From almost any place along the Corniche, you can see a short, squat castle perched on the end of the breakwater at the outer rim of the eastern harbor -- this is Qaitbey Fort. For fans of military history and kids who like forts, Qaitbey is a great place. Austere and solid inside, you can wander the little rooms and peer across the harbor toward the town through the narrow windows of the upper floors, or check out the massively thick-walled sea side of the fort where they have a few old cannons. There's a small, high-roofed mosque in the center of the fort that you shouldn't miss, more for its simplicity and austerity than any elaborate tile work or architectural flourishes. Unfortunately, Qaitbey lacks any documentation or exhibition of artifacts.

The fort may seem to be in remarkably good condition given its age -- it was built between 1477 and 1480 during the reign of the Sultan Qaitbey -- but this is due to extensive restoration to repair damage from, among other sources, a British bombardment in 1882.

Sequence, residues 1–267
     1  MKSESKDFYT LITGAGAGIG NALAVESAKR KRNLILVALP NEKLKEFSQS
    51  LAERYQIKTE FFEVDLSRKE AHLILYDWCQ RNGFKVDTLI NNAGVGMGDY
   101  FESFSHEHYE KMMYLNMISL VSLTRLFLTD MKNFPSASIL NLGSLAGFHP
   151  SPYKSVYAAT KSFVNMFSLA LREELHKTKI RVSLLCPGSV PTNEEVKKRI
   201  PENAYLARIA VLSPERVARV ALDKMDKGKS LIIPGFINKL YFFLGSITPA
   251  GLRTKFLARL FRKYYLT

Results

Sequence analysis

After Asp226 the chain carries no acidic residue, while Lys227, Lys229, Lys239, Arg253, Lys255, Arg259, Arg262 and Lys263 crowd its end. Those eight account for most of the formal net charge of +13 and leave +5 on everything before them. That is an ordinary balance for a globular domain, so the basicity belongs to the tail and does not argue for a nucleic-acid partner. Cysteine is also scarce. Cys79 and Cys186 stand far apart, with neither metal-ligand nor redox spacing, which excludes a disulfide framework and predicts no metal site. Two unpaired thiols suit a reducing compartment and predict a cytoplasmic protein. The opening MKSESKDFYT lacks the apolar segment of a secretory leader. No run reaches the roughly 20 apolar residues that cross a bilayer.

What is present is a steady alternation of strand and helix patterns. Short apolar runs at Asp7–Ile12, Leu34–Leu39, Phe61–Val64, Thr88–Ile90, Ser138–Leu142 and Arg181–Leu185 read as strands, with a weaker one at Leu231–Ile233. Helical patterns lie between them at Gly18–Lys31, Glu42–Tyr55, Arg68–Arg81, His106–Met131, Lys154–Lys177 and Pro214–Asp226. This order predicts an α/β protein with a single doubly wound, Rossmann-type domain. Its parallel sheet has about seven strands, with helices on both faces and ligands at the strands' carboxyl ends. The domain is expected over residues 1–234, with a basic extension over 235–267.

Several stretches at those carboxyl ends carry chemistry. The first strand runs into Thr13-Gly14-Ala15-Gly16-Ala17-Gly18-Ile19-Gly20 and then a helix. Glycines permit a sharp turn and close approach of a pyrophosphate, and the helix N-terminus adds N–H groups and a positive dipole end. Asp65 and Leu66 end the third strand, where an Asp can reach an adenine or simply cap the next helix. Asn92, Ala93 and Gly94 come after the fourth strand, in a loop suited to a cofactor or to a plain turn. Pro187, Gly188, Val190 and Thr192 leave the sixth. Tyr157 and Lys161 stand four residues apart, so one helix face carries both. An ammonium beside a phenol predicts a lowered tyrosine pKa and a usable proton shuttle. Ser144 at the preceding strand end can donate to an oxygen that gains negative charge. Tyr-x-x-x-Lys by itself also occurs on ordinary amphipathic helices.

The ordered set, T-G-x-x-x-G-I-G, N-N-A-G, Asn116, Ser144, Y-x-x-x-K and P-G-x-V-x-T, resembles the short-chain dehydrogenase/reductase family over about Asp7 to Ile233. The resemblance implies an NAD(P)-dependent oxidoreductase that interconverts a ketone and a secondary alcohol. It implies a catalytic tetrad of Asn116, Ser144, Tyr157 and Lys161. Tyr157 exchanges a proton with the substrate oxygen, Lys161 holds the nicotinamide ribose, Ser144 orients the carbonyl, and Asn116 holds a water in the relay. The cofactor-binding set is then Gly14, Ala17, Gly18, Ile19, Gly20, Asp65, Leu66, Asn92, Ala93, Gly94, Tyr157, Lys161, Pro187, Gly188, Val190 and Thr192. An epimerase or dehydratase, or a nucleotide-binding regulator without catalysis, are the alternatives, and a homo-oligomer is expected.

If you came to Alexandria hoping to see the famous lighthouse, this is as close as you're going to get: The fort was built on the site of its foundations about 175 years after it collapsed in an earthquake. Though the lighthouse stood on an island at the entrance to the harbor, the fort lies on a causeway, which was built to provide defense against potential Turkish attacks, that's accessible by foot. Rubble from the old lighthouse was likely used in the construction of the fort, and there's a theory that the large, red, granite pillars incorporated into the outer defenses came from just this source.

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The small gift store lacks any souvenirs specific to the fort, and the toilets are all right.